776.032 Immunity from criminal prosecution and civil action for justifiable use of force: (1) A person who uses force as permitted in s. 776.012, s. 776.013 or s. 776.031 is justified in using such force and is immune from criminal prosecution and civil action for the use of such force, unless the person against whom force was used is a law enforcement officer, as defined in s. 943.10(14), who was acting in the performance of his or her official duties and the officer identified himself or herself in accordance with any applicable law or the person using force knew or reasonably should have known that the person was a law enforcement officer. As used in this subsection, the term “criminal prosecution” includes arresting, detaining in custody, and charging or prosecuting the defendant. (2) A law enforcement agency may use standard procedures for investigating the use of force as described in subsection (1), but the agency may not arrest the person for using force unless it determines that there is probable cause that the force that was used was unlawful. (3) The court shall award reasonable attorney’s fees, court costs, compensation for loss of income, and all expenses incurred by the defendant in defense of any civil action brought by a plaintiff if the court finds that the defendant is immune from prosecution as provided in subsection (1). History.—s. 4, ch. 2005-27.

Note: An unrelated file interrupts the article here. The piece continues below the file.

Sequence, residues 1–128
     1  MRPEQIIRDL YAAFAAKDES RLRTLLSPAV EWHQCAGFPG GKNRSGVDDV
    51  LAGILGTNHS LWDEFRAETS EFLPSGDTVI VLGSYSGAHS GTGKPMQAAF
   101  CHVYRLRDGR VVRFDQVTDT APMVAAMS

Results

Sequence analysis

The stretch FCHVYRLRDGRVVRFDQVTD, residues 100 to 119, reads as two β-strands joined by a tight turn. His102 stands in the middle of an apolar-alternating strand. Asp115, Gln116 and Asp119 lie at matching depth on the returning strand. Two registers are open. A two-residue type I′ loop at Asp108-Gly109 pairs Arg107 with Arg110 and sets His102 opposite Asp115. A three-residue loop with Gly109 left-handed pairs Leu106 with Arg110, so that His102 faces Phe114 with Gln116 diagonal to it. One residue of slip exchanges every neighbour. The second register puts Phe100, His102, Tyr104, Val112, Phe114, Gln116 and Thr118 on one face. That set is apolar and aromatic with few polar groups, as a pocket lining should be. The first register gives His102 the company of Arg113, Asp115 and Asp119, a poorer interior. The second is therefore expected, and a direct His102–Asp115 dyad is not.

Translation: Section (1) means that, unless you shoot a cop, you can’t be arrested until the police have probable cause to believe that your actions were unlawful when you shot the attacker. Since probable cause must exist to make an arrest anyway, the fact is that this law doesn’t do anything except prevent automatic arrests after every shooting, irrespective of whether or not there is reason to believe the shooting was criminal. This is clarified in Section (2). Section (3) is an element of tort reform whose obvious legislative intent is to prevent nuisance suits and civil litigation born from revenge, greed or other unmeritorious motives. Beware, however. The wording reads, “…if the court finds that the defendant is immune from prosecution.”